(3) Transport receipts have been signed by Chimanlal who is the son of the proprietor of the applicant-assessee.

(4) Statement of Shri Mohanbhai working as a Postman that the post relating to four different concerns was being delivered at Modern Printing Press, which is a proprietary concern of Shri Chimanlal who also looked after the applicant-assessee's business.

(5) Letter dated 7th October, 1968, signed by one Shri Rameshchandra on behalf of M/s. Anil & Co. addressed to M/s. Mahavir Co. of Cochin giving instructions not to disclose the name M/s. Anil & Co. or its address or any information relating to its business with the address.

(6) Letter of the Manager of Dena Bank dated 27th May, 1968, saying that the payments in respect of the goods received in the name of M/s. Anil & Co. were received by the bank because the transport receipts were sent through bank. For making this payment in addition to the cash of Rs. 9,977 a cheque for an amount of Rs. 1,000 issued in the name of M/s. Patel Tea Mart was tendered by Shri Bipinchandra who has signed this cheque in token of having received this amount. Shri Bipinchandra happens to be the son of the proprietor of the applicant-assessee.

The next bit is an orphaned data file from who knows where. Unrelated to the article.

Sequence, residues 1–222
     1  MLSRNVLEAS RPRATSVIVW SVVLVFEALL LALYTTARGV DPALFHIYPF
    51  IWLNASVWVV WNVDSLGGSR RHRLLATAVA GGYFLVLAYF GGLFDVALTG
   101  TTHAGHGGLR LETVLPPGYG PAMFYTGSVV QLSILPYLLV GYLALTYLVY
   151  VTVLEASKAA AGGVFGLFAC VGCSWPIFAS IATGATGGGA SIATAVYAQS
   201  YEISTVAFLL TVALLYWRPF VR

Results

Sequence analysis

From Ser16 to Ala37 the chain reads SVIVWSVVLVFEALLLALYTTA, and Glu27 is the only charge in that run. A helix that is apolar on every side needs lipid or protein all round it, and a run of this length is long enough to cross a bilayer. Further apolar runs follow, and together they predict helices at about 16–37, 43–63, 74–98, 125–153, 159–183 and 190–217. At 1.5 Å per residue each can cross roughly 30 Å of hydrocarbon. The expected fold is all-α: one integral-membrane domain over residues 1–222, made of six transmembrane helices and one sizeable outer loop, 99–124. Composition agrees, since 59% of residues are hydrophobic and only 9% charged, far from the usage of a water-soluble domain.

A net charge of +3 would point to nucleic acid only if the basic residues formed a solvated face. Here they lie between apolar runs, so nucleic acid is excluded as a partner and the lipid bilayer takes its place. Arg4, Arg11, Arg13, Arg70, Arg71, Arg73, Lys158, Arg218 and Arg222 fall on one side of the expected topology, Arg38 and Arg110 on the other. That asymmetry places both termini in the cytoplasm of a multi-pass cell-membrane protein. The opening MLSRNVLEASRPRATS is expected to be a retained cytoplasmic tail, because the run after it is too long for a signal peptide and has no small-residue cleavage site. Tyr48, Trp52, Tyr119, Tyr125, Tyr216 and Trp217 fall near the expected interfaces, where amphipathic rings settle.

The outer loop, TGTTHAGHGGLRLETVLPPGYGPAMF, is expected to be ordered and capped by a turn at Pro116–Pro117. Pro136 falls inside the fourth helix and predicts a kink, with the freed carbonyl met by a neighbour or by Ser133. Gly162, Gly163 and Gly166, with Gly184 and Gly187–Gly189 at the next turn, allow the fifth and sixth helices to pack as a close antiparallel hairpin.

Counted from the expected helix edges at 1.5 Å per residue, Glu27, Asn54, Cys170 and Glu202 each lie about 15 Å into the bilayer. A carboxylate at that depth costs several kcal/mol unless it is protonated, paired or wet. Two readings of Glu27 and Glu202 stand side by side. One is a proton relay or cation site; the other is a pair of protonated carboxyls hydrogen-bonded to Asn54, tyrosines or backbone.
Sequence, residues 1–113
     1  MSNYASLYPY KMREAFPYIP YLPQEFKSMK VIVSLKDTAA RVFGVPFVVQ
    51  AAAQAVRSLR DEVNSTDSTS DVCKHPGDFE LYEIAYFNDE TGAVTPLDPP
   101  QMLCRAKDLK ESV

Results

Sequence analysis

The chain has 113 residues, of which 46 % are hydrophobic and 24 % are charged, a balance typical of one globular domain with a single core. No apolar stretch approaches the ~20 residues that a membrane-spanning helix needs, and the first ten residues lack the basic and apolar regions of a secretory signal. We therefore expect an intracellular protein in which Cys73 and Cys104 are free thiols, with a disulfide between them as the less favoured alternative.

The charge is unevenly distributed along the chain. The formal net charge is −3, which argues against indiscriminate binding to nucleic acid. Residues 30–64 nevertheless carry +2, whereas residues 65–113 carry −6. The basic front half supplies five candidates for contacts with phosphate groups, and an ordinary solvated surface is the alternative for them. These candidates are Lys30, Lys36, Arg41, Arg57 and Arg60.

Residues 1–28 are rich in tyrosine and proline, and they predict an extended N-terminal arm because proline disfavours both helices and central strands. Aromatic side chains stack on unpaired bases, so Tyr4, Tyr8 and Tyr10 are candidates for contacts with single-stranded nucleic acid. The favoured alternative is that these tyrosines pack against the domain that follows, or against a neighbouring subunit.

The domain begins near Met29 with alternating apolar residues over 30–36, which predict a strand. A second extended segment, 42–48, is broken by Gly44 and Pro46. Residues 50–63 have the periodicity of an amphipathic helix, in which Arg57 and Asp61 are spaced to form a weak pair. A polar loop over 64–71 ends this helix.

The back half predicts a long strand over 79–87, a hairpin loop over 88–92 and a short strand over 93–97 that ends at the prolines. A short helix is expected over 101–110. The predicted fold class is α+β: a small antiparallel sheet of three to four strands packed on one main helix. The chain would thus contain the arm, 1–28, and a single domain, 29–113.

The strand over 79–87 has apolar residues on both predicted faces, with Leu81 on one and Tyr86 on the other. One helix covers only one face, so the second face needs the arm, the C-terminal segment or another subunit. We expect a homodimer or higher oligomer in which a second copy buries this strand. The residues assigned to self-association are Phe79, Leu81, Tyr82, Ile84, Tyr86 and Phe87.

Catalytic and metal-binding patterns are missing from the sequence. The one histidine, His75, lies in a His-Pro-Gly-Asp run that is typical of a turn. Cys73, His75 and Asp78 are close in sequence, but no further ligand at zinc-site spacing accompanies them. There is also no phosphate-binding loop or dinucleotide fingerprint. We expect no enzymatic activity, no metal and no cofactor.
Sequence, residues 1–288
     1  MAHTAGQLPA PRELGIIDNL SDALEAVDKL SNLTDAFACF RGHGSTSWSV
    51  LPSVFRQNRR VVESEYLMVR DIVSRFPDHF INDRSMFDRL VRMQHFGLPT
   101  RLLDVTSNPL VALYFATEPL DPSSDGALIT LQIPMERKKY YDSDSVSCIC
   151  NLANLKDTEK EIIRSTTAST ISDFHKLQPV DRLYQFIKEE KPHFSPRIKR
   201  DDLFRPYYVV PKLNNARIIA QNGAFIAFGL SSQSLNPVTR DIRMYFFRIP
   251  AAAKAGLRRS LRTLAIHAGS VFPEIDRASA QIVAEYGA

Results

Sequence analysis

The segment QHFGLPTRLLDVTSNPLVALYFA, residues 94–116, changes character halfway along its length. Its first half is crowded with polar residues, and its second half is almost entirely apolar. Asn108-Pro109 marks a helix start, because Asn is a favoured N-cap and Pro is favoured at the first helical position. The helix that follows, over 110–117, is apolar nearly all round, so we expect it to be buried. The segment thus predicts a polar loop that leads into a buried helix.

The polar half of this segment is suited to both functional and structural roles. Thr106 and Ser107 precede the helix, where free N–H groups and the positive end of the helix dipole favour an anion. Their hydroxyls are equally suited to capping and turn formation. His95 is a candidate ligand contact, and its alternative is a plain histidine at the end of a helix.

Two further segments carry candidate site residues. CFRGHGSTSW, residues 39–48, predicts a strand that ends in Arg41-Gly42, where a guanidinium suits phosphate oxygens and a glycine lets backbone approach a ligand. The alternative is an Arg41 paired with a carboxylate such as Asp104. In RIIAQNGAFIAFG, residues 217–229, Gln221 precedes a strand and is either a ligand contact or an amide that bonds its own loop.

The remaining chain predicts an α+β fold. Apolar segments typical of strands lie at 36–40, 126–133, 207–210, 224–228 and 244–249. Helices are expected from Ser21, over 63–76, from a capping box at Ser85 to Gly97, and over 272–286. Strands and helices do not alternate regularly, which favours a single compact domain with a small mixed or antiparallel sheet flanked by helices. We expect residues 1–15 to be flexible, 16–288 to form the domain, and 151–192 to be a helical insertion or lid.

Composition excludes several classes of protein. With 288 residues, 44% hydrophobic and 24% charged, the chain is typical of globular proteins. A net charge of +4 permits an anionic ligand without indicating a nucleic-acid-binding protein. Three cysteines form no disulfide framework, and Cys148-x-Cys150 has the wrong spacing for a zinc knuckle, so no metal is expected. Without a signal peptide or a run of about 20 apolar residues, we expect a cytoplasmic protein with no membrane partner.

15. Suffice it to say that it is clearly stated even in the statement of the case (vide paragraph 5) that the officers of the sales tax department had paid surprise visits to the applicant's business premises and had seized several account books at that time. The said account books were scrutinized by the Sales Tax Officer and the question relating to the ownership of the business done by the said Chimanlal in the name and style of M/s. Anil & Co. had arisen in respect of Samvat Years 2024 and 2025. In the very paragraph 5 of the statement of the case, it is also stated that after investigation of the relevant facts, the Sales Tax Officer held that the business done by the said Chimanlal in the name and style of M/s. Anil & Co. was in reality the business of the applicant-assessee and for reaching that conclusion the learned Sales Tax Officer had relied upon various pieces of evidence. Suffice it to emphasis at this stage once again that the Sales Tax Officer did scrutinise all the account books seized from the business premises of the applicant-assessee and having investigated all the relevant facts carefully, he came to the conclusion that the business done by the said Chimanlal in the name and style of M/s. Anil & Co. was in reality the business of the applicant-assessee.